Image by Victor Tangermann

Director of the National Institute of Allergy and Infectious Diseases (NIAID) Anthony Fauci acknowledged today that the US government is considering issuing identification cards that indicate if somebody has already been infected by the coronavirus — and has therefore, probably, become immune, Politico reports.

"You know, that's possible," Fauci told CNN's "New Day," when he was asked if he could imagine Americans carrying such "immunity cards."

"I mean, it's one of those things that we talk about when we want to make sure that we know who the vulnerable people are and not," Fauci added. "This is something that's being discussed. I think it might actually have some merit, under certain circumstances."

The idea is simple: widespread administering of antibody tests could establish who has had the virus already. Through the use of an identification system, societies could keep track of individuals that are "immune" as a result — and those who aren't.

Antibody tests can show if the virus has already prompted the human immune system to produce antibodies capable of fending off future infections.

Fauci also noted that regular COVID-19 tests — an different type of currently-available test that shows if somebody is currently carrying the virus — are being "done in parallel."

Fauci also told CNN that he's expecting "a rather large number of tests" to be available in a matter of a week, noting that he's "certain that that’s going to happen."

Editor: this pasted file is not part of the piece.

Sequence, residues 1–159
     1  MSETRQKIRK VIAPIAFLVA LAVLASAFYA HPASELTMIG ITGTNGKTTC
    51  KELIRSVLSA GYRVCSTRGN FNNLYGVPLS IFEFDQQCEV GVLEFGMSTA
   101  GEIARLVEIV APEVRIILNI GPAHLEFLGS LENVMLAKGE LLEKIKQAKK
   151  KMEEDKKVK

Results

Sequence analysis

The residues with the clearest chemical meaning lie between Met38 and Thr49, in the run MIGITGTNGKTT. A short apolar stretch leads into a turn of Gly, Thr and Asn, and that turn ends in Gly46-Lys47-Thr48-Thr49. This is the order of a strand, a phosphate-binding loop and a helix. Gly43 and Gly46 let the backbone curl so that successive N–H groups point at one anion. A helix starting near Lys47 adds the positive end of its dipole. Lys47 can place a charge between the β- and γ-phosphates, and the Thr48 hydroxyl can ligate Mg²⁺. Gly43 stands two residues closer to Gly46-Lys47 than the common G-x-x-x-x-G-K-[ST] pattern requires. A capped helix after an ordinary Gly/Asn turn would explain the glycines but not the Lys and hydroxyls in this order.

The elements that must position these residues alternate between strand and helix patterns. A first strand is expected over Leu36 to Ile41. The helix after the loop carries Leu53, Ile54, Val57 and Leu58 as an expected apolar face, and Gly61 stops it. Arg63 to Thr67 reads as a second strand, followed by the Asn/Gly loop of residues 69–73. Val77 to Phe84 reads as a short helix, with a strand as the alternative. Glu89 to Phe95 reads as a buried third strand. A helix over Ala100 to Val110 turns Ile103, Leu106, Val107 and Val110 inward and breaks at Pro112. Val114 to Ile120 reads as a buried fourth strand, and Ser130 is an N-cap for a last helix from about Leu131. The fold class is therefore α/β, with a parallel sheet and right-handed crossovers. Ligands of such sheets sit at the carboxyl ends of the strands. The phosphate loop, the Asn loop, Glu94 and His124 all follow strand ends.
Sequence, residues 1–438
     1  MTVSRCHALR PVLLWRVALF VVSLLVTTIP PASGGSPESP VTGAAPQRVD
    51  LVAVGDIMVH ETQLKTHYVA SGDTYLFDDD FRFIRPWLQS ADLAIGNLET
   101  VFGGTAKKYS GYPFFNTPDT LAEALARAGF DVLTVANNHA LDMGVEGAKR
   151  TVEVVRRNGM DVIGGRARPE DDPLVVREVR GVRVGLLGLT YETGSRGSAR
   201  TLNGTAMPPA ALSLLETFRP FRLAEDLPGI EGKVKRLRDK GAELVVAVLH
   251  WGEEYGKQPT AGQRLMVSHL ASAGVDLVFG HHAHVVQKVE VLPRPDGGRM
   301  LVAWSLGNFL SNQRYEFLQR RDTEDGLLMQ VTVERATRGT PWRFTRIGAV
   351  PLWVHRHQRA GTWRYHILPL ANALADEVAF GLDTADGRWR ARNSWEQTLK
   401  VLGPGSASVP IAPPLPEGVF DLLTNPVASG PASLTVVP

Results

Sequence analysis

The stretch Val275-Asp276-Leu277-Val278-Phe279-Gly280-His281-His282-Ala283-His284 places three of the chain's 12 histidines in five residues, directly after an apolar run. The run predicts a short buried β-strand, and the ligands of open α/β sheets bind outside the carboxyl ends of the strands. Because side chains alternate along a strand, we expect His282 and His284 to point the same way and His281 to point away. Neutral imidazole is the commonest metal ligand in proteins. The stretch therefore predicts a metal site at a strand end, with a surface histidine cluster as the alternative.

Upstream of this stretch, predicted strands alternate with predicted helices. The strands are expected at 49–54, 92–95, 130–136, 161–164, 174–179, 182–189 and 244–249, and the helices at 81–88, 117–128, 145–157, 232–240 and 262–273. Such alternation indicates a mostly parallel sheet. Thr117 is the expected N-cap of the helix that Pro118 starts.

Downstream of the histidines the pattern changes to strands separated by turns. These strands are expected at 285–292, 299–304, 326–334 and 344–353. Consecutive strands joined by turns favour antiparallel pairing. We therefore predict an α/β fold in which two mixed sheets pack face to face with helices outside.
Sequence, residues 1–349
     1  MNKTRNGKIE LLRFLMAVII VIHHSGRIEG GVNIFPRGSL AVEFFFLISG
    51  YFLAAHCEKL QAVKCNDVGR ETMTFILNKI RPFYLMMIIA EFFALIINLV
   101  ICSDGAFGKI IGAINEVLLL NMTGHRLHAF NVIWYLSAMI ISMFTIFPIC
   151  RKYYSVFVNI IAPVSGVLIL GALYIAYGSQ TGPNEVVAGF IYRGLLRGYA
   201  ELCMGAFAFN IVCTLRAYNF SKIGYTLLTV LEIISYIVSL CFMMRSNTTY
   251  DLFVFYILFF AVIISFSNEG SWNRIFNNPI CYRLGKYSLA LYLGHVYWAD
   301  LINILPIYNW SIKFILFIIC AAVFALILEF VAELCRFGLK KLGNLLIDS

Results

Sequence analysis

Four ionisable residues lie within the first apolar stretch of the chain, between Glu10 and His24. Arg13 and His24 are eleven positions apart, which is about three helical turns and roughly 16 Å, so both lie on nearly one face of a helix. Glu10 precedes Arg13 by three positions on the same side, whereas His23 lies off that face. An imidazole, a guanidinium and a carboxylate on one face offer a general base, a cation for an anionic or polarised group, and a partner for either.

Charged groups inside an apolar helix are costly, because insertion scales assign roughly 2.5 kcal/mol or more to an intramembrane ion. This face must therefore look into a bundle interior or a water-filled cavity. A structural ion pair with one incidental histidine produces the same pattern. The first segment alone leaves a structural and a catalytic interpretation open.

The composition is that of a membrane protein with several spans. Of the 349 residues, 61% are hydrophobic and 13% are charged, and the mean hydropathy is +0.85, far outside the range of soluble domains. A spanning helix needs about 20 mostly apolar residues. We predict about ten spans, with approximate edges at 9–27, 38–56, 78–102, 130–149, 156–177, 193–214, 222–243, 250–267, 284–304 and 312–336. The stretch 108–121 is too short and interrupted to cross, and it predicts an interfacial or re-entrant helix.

A number of US companies have also already started selling antibody tests for COVID-19, but none of them have yet to be approved by the US Food and Drug Administration.

The news comes after German researchers suggested using similar "immunity passports" to eventually allow a subsection of the population to get back to work. Once herd immunity is achieved in parts of the country, restrictions could start to be lowered and allow the country to return to normal society.

Unfortunately, no one knows how long this immunity actually lasts. But experts are hopeful.

"It could be that this coronavirus causes a pretty robust immune response, which is durable and protective for much longer, maybe a year or even five years, but we don’t know because it’s a new virus," a member of the UK government’s respiratory virus threats advisory group told The Guardian last week.

Fauci seems to largely agree.

"Generally we know with infections like this, that at least for a reasonable period of time, you’re going to have antibodies that are going to be protective," Fauci said in an interview with Journal of the American Medical Association editor Howard Bauchner on Wednesday.

"If we get infected in February and March and recover, next September, October, that person who’s infected — I believe — is going to be protected," Fauci added in Wednesday's interview.